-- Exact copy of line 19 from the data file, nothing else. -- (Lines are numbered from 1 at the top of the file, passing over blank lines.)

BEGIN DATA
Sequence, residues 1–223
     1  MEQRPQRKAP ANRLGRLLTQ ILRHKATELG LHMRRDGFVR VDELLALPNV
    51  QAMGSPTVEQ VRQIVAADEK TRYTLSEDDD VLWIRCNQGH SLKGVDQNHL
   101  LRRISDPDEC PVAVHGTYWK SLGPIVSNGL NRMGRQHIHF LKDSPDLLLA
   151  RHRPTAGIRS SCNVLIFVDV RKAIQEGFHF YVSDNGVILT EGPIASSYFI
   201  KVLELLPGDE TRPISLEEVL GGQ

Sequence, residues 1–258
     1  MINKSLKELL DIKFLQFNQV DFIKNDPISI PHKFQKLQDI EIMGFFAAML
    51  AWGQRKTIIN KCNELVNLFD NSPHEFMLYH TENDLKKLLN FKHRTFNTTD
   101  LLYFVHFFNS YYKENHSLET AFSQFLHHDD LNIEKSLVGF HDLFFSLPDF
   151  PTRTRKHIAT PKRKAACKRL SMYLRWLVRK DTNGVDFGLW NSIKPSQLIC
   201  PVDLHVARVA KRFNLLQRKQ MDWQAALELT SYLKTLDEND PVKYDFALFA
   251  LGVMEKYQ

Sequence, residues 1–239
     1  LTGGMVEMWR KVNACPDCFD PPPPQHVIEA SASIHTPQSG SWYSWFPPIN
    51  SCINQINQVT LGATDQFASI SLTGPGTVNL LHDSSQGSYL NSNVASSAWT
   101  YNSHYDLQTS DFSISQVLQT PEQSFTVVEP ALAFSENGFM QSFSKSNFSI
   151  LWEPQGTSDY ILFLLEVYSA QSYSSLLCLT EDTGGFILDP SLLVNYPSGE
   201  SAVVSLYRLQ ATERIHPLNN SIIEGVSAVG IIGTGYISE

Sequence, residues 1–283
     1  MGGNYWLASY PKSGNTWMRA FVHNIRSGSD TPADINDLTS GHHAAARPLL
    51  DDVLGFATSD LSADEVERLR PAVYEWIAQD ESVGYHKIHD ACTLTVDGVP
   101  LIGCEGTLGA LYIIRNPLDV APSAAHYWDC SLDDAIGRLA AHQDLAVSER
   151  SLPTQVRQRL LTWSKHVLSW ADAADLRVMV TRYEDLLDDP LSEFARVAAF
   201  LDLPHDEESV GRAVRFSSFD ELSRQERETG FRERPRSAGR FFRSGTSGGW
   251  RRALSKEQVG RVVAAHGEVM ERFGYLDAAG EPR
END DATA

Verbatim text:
   201  SAVVSLYRLQ ATERIHPLNN SIIEGVSAVG IIGTGYISE